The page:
Monday, June 26, 2017

President John Taylor on the difference between suffering and experience

President John Taylor (1808–1887) was born in England and immigrated to Canada where he and his wife were converted after hearing Parley P. Pratt preach.  He was ordained an apostle in 1838, and became the third president of the Church in 1880, serving until his death in 1887 at age 78.
"We have learned many things through suffering, we call it suffering; I call it a school of experience, I never did bother my head much about these things; I do not today. What are these things for? Why is it that good men should be tried?
"Why is it, in fact, that we should have a devil? Why did not the Lord kill him long ago? Because he could not do without him. He needed the devil and a great many of those who do his bidding just to keep men straight, that we may learn to place our dependence upon God, and trust in Him, and to observe his laws and keep his commandments....
"I have never looked at these things in any other light than trials for the purpose of purifying the Saints of God, that they may be, as the Scriptures say, as gold that has been seven times purified by the fire."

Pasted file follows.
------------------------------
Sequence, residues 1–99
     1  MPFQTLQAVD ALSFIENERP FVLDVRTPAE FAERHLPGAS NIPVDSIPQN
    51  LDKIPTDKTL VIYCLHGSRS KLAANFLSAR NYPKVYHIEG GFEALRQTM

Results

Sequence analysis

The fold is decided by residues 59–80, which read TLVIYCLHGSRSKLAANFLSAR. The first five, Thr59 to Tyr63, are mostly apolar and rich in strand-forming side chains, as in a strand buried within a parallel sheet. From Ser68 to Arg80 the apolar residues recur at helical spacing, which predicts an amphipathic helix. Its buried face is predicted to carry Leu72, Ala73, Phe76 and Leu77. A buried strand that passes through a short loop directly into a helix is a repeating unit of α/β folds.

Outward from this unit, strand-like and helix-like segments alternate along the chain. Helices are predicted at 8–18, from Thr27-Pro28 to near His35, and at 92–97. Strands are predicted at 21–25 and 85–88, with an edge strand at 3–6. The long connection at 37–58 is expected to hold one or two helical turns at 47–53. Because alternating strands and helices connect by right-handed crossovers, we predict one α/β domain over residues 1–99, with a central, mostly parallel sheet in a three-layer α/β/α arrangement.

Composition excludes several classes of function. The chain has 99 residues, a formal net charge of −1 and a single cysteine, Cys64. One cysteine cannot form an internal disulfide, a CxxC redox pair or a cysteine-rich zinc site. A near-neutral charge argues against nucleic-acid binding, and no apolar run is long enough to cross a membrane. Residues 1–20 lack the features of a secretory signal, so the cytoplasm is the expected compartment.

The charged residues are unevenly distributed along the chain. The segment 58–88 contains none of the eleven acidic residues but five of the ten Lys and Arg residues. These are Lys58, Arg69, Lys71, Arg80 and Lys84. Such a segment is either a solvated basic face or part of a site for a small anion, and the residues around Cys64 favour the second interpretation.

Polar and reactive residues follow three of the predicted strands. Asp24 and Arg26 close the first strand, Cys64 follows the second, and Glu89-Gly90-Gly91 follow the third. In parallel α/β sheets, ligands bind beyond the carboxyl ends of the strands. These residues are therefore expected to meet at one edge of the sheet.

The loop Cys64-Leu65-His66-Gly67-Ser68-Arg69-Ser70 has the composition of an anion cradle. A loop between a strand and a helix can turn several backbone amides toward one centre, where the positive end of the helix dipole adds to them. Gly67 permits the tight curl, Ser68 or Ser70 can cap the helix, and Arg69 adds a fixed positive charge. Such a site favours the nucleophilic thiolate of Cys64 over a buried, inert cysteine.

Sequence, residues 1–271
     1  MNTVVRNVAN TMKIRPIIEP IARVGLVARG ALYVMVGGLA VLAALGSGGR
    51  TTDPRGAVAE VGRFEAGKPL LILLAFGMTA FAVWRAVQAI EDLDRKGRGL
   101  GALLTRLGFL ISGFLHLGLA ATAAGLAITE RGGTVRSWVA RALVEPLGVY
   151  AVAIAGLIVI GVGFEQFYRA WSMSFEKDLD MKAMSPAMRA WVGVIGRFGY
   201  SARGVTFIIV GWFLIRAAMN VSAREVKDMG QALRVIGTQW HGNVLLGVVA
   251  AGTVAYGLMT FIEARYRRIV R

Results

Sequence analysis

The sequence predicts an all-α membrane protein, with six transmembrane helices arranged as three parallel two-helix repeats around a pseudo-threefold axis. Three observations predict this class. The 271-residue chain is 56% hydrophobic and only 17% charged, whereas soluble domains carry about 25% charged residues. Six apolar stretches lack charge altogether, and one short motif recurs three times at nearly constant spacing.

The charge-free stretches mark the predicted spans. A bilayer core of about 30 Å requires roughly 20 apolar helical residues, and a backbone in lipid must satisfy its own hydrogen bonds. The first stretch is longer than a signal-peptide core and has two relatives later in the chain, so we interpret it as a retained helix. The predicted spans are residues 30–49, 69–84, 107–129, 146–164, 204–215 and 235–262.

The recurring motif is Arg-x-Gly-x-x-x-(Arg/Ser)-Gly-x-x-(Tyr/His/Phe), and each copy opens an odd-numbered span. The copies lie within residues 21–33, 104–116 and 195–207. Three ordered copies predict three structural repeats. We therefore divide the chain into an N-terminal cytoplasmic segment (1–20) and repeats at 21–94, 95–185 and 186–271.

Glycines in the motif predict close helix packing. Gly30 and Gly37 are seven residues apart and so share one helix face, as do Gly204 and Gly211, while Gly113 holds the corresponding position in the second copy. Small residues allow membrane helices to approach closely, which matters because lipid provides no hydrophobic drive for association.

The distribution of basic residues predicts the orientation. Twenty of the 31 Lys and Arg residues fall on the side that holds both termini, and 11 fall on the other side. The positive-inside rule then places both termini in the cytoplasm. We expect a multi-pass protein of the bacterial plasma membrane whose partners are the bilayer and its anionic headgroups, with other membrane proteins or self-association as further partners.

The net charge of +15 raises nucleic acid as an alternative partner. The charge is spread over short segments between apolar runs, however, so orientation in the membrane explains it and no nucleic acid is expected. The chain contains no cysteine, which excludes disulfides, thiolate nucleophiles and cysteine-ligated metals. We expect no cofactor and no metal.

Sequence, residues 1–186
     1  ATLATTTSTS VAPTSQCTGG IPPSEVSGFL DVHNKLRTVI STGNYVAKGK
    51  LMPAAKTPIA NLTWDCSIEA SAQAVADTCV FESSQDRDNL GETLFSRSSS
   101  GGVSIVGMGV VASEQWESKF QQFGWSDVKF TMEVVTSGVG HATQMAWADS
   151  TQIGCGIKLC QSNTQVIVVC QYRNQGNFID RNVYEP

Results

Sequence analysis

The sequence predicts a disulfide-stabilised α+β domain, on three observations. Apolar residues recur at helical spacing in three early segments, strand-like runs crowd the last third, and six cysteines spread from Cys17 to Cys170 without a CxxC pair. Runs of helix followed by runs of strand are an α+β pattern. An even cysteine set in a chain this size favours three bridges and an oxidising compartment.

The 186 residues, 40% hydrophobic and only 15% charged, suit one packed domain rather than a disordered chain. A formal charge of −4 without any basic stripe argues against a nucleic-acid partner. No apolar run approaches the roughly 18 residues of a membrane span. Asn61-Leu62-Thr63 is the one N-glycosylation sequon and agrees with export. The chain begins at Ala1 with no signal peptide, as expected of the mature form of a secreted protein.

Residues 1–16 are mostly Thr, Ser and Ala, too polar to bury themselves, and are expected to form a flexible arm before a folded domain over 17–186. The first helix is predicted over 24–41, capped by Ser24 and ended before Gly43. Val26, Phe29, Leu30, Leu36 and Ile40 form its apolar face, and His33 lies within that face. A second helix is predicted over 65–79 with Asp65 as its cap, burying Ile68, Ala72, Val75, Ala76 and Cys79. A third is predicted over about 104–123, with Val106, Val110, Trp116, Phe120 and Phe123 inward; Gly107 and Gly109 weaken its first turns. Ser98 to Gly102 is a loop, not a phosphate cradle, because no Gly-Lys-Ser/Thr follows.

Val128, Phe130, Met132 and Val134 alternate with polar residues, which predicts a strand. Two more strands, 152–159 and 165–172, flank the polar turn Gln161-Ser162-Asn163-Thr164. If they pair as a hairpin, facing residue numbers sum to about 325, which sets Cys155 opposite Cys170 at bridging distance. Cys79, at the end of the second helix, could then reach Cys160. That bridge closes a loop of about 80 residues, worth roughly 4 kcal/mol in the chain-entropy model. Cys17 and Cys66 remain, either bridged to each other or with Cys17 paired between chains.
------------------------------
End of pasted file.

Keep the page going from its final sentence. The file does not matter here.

- John Taylor, discourse at Grantsville, Oct. 29, 1882; see JD 23:336
Click here to read the full talk

Sometimes a change of perspective or interpretation can alter the whole nature of an experience. President Taylor suggests that what we consider suffering, might more properly be considered an episode in the school of experience. With that perspective, when things are hard, we can be looking for the lessons to be learned or the blessings to be gained from the experience.

President Taylor also recognizes the necessity of an adversary in the plan. Having opposition and temptation help us "learn to place our dependence upon God, and trust in Him, and to observe his laws and keep his commandments." If there were no opposition, we might not have opportunity to learn those same lessons.

I am not familiar with a scriptural passage that talks of gold seven times purified; there is one that refers to silver in that sense (see Psalm 12:6). But the message is clear and the application is memorable. Trials will purify the Saints of God in that school of experience—if we allow them to. Joseph Smith was once told, after the Lord listed many of his trials: "know thou, my son, that all these things shall give thee experience, and shall be for thy good" (D&C 122:7), The same applies to us.

(Compilation and commentary by David Kenison, Orem, Utah, 2017)

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